Ten Favourite Movies made Before I was Born

You’ll notice some “great” movies missing from this list — such as Citizen Kane — and while there are many older movies I appreciate, I can’t watch them over and over like the ten here. These are movies I have seen multiple times and that I still love to watch; I’ve numbered them, but they are not necessarily in order:

1. The Wizard of Oz (1939). Yes, it’s cheezy and melodramatic and kitchy, but I still watch it at least once a year. A few years ago, I saw it at Cinecenta — the first time I had watched it in a darkened theatre on a full-size screen and the tornado sequence was so much more frightening! If you’ve never seen it on the big screen, I highly recommend tracking it down at a repertoire theatre.

2. The Apartment (1960). This film was full of surprises for me and, while it is very dated now, it’s somehow still relevant. I think this was the first Billy Wilder film I saw and certainly the first time I had seen Fred MacMurray in a darker role (I was used to seeing him on My Three Sons and in Disney films). I also finally understood why Jack Lemmon and Shirley MacLaine were stars.

3. The Day the Earth Stood Still (1951). Sure, Gort looks pretty non-threatening to today’s viewers, but the brilliance in this film is the script. It’s solid sci-fi and serves as a great overview of Cold War paranoia.

4. The Italian Job (1969). OK, so this was technically released the year I was born, but I’m confident that it was made before I was born and there’s no way I would have seen it in the theatre. There is so much brilliance in this film — Michael Caine is in fine form, the sequence with the Minis was brilliantly coordinated, and the ending? That’s just movie gold. The “remake” from 2003 is a pathetic shadow of this movie and should be avoided at all costs.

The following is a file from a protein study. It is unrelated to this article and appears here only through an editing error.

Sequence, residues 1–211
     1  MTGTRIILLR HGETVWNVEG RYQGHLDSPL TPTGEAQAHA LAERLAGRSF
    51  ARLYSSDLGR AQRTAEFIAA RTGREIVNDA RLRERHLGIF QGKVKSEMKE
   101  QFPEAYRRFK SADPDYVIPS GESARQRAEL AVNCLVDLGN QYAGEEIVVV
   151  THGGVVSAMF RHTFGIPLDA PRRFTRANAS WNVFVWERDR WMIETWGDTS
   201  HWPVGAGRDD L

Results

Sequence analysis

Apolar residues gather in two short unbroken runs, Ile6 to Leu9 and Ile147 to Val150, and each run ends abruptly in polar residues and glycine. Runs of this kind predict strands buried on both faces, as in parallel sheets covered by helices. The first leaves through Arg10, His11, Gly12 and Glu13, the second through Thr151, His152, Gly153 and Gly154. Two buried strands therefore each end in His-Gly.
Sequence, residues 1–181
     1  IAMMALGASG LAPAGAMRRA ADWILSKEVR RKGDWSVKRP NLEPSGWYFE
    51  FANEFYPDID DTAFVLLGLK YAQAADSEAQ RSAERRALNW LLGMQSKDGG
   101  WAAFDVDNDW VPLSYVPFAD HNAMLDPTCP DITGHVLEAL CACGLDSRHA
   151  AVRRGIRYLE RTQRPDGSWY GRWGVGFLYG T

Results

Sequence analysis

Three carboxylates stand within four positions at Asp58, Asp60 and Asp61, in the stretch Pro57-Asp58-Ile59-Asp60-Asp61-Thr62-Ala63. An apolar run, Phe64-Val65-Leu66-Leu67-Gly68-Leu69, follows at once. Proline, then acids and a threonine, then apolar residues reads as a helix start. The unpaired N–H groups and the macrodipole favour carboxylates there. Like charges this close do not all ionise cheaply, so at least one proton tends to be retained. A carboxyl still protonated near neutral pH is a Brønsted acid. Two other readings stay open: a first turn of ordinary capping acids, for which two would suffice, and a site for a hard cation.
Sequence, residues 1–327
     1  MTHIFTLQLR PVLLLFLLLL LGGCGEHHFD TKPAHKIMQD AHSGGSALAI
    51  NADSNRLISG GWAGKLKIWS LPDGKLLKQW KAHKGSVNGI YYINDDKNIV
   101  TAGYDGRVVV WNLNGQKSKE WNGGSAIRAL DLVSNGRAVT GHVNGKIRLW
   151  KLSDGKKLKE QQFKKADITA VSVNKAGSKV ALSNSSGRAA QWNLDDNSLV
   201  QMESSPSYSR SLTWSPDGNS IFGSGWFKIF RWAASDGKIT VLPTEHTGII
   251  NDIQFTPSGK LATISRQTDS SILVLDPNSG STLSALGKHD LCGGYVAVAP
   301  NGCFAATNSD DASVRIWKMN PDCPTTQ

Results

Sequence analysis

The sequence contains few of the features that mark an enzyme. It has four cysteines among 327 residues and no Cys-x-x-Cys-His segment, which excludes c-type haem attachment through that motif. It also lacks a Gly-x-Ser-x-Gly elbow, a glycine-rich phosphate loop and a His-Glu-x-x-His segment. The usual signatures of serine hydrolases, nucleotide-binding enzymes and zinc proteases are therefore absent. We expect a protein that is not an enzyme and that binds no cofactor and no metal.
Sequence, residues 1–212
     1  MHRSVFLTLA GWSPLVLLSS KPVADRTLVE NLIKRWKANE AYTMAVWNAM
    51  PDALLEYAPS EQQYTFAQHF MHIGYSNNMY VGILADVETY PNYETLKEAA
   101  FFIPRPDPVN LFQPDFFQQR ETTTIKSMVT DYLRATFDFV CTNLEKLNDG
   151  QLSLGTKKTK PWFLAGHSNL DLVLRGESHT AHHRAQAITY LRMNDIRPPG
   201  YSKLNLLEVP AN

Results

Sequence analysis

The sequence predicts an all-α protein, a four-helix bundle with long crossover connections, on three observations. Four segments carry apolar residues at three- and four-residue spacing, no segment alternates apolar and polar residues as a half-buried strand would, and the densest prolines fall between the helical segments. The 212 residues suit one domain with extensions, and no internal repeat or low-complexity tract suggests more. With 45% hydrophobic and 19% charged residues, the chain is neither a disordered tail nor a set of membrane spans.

5. The Odd Couple (1968). I never watched the TV show so I only begrudgingly bothered to watch this film the first time around. Turns out, it’s hilarious and I frequently quote the characters. Full credit has to be given to Neil Simon’s screenplay at the core of this film but also to the great performances by the lead and supporting cast.

6. Pillow Talk (1959). Possibly the finest example of a screwball romantic comedy with Rock Hudson and Doris Day giving some of their best performances. If you liked Down With Love, this movie is required viewing — several scenes are almost shot-for-shot in homage; the reverse is also true!

7. The Desk Set (1957) Spencer Tracy and Katherine Hepburn spar when a computer is introduced into the fact-checking department at a newspaper. Librarians are still facing off against Google and this movie still makes me giggle for that reason.

8. Mr. Blandings Builds his Dream House (1948). Every time we consider building a house, this movie runs through my head. Cary Grant has an intense job with an ad agency and an apartment full of women so they decide to buy a house in the country. Turns out the house is falling down so they decide to build-to-suit. Despite the laughably low prices for real estate and construction and the rather offensive caricature that is Gussie, the family housekeeper, this movie is very watchable and very funny.

9. Singing in the Rain (1952). I don’t consider myself a fan of musicals, but this is the second one on my list. Debbie Reynolds sparkles and Donald O’Connor cracks me up every time plus it contains some of the most recognizable Hollywood musical songs.

10. Rope (1948). Really tough call between this one and Rear Window (1954); both feature James Stewart in strong Hitchcock films but Rope is just that much darker and that much more masterful. Actually, they make a good double feature if you can handle the tension!

Note: this post originally appeared on The Medianook, by Cheryl DeWolfe. Reprinted with permission.

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